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10 Iconic Pieces of Pop Culture That Turn 50 in 2017 

click to enlarge lite_brite.jpg

You are only as old as you feel ... until the history books slap you in the face with hard facts. It’s hard to believe that in 2017, 50 years will have passed since these definitive pop culture figures, products, events and moments made their mark.

Lite-Brite

With Hasbro’s Lite-Brite, children created jewel-like art by pushing colored pegs into pre-patterned pages that were back-lit by a light bulb. Children could make ships, houses, Buggy Bunny or Bozo the Clown. Kids loved it; parents who stepped on wayward pegs or had them clog their vacuum cleaners fumed.

In 2011, Lite-Brite made Time magazine’s 100 most influential toys list for toys released since 1923.

 

The Big Mac

Jim Delligatti, a McDonald’s franchisee in Uniontown, Pa., created the sandwich to satisfy customers who wanted a bigger burger. It cost 45 cents and was worthy of its own jingle: “Two all-beef patties, special sauce, lettuce, cheese, pickles, onions on a sesame-seed bun.”

The Big Mac was a big hit and was on McDonald’s menus around the country the next year. In honor of the 50th anniversary, McDonald’s will release a Mac Jr., with one patty, and a Grand Mac, with bigger everything, on its menus soon for a limited time. Delligatti died in November at the age of 98.

 

click to enlarge "Guess Who's Coming to Dinner" (1967), directed by Stanley Kramer. - COLOMBIA PICTURES
  • Colombia Pictures
  • "Guess Who's Coming to Dinner" (1967), directed by Stanley Kramer.

Three Sidney Poitier Classics

Three years before, the Bahamian American actor had made Hollywood history, becoming the first black man to win an Oscar for best actor for his role in “Lilies of the Field.” But in 1967, Sidney Poitier became the most visible black man in cinema with the release of three films, all dealing with ideas of race and all hailed as classics of the period: “To Sir, With Love,” “In the Heat of the Night” and “Guess Who’s Coming to Dinner.”

 

Aretha Franklin, "Respect"

By the time Aretha Franklin recorded “Respect,” an R&B hit for Otis Redding in 1965, she was not yet the Queen of Soul. She had been a gospel prodigy and a pop-jazz chanteuse for seven years at Columbia Records. Months after signing with Atlantic in 1966, the Memphis-born artist overhauled Redding’s song, famously spelling out its title midway, and became a pop icon. The song demanding equality in a romantic relationship was later adopted as a battle cry for civil and women’s rights.

 

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The Beatles, "Sgt. Pepper's Lonely Hearts Club Band"

In the summer of 1967, after retiring from touring the year before and taking a three-month break from the recording studio, the Beatles re-emerged with their game-changing eighth studio album. “Sgt. Pepper’s,” among the first elaborate concept albums in rock, swirls with disparate styles and esoteric lyrics but somehow manages to be accessible, becoming one of the most celebrated albums of all time.

 

The Monterey International Pop Festival

The three-day concert held on the weekend of June 16-18 at the Monterey County Fairgrounds in Monterey, Calif., embodied the mythologized counterculture and “Summer of Love” in 1967. It also set the template for Woodstock two years later and several of today’s summer festivals, including Coachella. Beyond that, the festival also launched the pop stardom of several of its performers, including Janis Joplin, Steve Miller and Otis Redding, who died in a plane crash six months later at age 26.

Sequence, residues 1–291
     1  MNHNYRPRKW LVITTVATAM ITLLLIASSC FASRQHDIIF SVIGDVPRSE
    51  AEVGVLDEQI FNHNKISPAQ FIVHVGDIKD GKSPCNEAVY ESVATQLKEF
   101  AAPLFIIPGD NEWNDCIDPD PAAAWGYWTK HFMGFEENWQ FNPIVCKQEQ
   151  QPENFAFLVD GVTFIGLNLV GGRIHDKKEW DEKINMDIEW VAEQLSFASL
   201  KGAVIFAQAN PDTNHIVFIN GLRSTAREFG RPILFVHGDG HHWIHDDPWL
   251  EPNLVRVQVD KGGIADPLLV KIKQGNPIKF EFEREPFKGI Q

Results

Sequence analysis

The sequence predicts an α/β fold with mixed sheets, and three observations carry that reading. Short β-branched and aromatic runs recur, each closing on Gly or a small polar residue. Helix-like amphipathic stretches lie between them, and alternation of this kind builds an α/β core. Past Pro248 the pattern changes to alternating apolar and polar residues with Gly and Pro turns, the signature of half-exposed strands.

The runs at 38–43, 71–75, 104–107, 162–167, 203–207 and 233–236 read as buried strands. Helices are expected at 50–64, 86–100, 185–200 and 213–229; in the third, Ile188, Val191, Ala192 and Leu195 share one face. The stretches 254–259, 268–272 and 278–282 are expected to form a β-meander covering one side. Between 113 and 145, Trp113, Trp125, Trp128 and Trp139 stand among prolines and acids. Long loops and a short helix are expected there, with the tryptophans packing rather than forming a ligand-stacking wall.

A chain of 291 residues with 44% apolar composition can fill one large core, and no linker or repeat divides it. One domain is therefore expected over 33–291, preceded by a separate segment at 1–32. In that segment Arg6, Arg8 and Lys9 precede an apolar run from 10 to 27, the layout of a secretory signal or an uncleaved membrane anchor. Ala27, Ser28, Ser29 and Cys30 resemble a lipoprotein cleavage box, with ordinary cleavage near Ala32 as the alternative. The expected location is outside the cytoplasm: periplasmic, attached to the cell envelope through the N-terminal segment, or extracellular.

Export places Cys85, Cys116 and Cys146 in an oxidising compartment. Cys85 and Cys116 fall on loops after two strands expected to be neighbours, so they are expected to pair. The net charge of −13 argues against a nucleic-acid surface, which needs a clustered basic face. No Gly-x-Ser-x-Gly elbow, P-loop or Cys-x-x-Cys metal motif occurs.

click to enlarge "Valley of the Dolls" (1967), directed by Mark Robson. - 20TH CENTURY FOX
  • 20th Century Fox
  • "Valley of the Dolls" (1967), directed by Mark Robson.

"Valley of the Dolls"

The movie based on the Jacqueline Susann 1966 best-seller hit theaters the week before Christmas. The tawdry tale of romantic disillusionment and pill popping starred Patty Duke, Lee Grant and Sharon Tate. The title song from movie also became a huge pop hit for Dionne Warwick that year. The brutal murder of a pregnant Tate by the Manson family two years later added a shroud of darkness to the film’s cult classic status.

 

Rolling Stone Magazine

Rolling Stone magazine was born in San Francisco when two men decided the world of rock needed a new voice. College dropout Jann Wenner joined with Ralph J. Gleason, a reporter with the San Francisco Chronicle who had covered jazz for decades but agreed more space could be given to Bob Dylan and the Grateful Dead. They got investors and a group of volunteers to produce the first issue. Two days before press time, the group was scrambling for a cover. Wenner went through a stack of publicity shots, according to www.rollingstone.com. He liked one of John Lennon posing in a military uniform for the movie “How I Won the War.”

 

Twiggy

The model formerly known as Lesley Hornby had been on the rise in London, but it wasn’t until she set foot in the United States in March 1967 that her fresh appeal – super thinness; short, boyish haircut and flair for mod fashion – fully transformed style aspirations. Twiggy set the course for what’s considered a supermodel – one who could command several platforms. Plus, she had her own magazine.

 

The "Radarange"

The first countertop microwave was released by Amana and was called the Radarange. Microwave ovens weren’t new, but those of the past had been as large as refrigerators and much more expensive.

The Radarange stood just 15 inches tall, though it weighed a hefty 90 pounds. It was powered by a 115-volt current and had 650 watts of cooking power. Sales were slow in the beginning. It retailed for $495, about $3,560 in today’s dollars.

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